TL: Being a fellow for both NACCHO and LEND allowed me to participate in multiple networking experiences. I attended the Disability Policy Summit and Seminar in D.C. with LEND while members of NACCHO’s Health & Disability program were also present. As a NACCHO fellow I attended the Preparedness Summit over several days in April in Atlanta, GA where I got to learn from the very professionals I was providing technical assistance to in their areas of expertise. I made connections with colleagues at the Association of University Centers on Disabilities (AUCD), the American Public Health Association (APHA), the American Association on Intellectual and Developmental Disabilities (AAIDD), as well as many others while participating in NACCHO-related activities. These connections have already proven valuable in terms of future collaboration and partnerships beyond this fellowship.

SL: How will your participation in this fellowship impact your career?

EA: This fellowship has empowered me to always consider the needs of people with disabilities. It has also shown me that there is still much work to be done in the area of public health disability inclusion. As a result, I feel both prepared and inspired to continue pursuing a career in this field.

TL: Participating in this fellowship expanded my knowledge about the scope of responsibilities of local health departments and the diverse range of needs each agency must address to effectively serve the unique populations residing within their jurisdictions. By providing technical assistance and attending the Preparedness Summit (click here to read Tara’s blog about attending the 2017 Preparedness Summit) I now also have experience related to public health emergency preparedness. Furthermore, completing this fellowship remotely from Connecticut and working with LHDs from across the country, greatly enhanced my communication and collaboration skills, which are sure to be invaluable within the next phase of my career.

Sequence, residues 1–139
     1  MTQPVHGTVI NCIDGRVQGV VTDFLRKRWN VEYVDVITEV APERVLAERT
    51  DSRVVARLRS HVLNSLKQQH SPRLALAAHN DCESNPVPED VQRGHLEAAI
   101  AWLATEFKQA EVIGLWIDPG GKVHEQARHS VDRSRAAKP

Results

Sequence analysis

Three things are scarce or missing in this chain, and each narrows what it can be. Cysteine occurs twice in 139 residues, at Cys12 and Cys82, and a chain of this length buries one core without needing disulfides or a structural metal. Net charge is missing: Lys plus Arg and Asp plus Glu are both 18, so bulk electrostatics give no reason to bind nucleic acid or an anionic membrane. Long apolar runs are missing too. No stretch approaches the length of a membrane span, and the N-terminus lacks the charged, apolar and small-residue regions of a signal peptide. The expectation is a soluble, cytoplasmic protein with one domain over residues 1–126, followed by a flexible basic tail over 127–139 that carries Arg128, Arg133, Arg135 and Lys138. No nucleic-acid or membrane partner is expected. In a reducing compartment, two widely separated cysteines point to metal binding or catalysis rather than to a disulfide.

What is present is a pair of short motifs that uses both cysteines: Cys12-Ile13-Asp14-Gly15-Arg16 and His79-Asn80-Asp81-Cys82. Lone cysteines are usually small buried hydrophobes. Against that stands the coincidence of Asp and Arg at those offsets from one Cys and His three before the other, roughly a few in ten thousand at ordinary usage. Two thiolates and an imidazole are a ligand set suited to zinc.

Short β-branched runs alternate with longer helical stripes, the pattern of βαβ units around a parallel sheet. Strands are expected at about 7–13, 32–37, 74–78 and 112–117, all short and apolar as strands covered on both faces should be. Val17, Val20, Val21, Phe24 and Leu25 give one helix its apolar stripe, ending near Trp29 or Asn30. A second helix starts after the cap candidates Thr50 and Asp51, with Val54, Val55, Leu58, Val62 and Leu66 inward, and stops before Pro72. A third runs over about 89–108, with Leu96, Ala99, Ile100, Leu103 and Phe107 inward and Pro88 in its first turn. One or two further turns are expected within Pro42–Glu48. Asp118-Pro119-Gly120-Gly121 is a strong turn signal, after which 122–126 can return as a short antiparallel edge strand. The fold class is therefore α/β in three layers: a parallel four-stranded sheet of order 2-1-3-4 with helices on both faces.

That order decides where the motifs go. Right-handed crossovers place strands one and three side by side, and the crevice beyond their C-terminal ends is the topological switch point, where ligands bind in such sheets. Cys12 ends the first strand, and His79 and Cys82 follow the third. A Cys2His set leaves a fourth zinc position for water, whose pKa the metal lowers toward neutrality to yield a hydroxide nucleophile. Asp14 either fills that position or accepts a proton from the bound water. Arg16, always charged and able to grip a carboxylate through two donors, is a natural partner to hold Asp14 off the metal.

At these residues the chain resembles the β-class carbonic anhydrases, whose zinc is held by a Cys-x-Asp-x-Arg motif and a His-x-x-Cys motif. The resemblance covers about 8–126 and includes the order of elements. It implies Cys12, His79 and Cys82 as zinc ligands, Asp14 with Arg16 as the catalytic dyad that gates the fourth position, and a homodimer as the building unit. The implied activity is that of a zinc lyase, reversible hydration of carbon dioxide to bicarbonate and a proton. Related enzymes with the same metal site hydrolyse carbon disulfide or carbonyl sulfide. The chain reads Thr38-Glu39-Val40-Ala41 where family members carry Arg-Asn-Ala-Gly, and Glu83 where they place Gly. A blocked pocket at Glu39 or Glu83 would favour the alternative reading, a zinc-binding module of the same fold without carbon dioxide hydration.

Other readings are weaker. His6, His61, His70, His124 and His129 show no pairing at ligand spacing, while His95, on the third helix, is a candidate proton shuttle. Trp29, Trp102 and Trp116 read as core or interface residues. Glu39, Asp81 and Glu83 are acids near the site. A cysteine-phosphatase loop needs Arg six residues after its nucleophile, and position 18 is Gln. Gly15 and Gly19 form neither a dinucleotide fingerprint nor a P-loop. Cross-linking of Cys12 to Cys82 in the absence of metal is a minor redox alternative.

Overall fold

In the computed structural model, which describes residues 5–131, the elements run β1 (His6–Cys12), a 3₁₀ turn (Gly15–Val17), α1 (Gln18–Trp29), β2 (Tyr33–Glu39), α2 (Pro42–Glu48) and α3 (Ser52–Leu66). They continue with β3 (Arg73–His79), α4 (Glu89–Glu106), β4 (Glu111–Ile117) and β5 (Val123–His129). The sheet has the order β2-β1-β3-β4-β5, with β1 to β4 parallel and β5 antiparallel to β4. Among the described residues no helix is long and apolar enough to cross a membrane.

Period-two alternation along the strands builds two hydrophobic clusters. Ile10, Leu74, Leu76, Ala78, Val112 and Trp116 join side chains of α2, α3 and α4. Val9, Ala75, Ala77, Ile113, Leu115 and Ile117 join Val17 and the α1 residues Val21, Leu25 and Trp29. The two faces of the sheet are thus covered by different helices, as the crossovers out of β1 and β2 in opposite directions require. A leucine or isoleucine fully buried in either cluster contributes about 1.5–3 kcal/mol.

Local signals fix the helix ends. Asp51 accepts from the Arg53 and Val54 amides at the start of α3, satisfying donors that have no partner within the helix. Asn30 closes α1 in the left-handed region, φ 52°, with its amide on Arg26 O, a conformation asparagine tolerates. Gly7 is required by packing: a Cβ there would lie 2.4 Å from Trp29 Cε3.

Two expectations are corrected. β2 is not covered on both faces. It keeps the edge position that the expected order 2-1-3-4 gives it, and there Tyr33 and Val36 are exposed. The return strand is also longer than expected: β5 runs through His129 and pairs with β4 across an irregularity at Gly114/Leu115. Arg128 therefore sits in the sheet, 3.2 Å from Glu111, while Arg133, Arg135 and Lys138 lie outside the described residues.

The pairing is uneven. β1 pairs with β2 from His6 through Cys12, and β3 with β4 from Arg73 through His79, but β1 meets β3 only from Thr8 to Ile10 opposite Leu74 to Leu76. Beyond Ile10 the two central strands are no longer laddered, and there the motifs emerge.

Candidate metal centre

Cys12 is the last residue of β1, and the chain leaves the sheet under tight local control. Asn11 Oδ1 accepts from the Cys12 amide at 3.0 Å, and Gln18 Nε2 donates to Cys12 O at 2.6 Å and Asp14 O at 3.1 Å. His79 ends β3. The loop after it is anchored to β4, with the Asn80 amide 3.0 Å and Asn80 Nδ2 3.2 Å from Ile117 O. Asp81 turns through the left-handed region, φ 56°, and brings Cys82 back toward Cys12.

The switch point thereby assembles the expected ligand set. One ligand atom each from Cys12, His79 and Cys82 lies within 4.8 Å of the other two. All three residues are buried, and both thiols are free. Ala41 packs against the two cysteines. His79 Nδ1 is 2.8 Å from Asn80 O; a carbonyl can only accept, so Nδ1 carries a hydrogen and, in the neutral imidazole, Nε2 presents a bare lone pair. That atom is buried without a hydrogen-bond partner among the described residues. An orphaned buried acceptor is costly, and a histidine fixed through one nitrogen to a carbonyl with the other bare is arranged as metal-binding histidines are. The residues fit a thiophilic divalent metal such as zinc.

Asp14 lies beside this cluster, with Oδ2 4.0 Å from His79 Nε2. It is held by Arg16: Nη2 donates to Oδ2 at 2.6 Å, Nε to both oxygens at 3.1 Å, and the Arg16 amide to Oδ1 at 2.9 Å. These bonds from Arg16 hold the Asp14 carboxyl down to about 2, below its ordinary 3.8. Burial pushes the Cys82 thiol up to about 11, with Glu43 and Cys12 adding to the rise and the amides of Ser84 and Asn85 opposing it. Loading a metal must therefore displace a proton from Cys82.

SL: What are your next steps in your public health career upon completion of the fellowship?

EA: I will be working at the City University of New York School of Public Health & Health Policy on a mental health initiative to promote mental healthcare access for all individuals.

TL: I am wrapping up my dissertation and will defend it by the end of summer to complete my Ph.D. in public health at University of Connecticut (UConn). After that, I will be staying with UConn’s University Center for Excellence in Developmental Disabilities and working on the Disability Studies in Public Health Online Graduate Certificate program.

NACCHO strongly encourages current graduate or doctoral students interested in the disability and health field to view the fellowship program flyer and apply today! Local health officials and partners who may know eligible applicants are asked to please share this opportunity widely across their networks. For more information, please view the fellowship program flyer and the full position description/application. Both can also be accessed by visiting NACCHO’s Health and Disability webpage.

The NACCHO Health and Disability Fellowship is supported by the Centers for Disease Control and Prevention, Cooperative Agreement #5NU38OT000172-04-00 and the NACCHO Disability and Health program.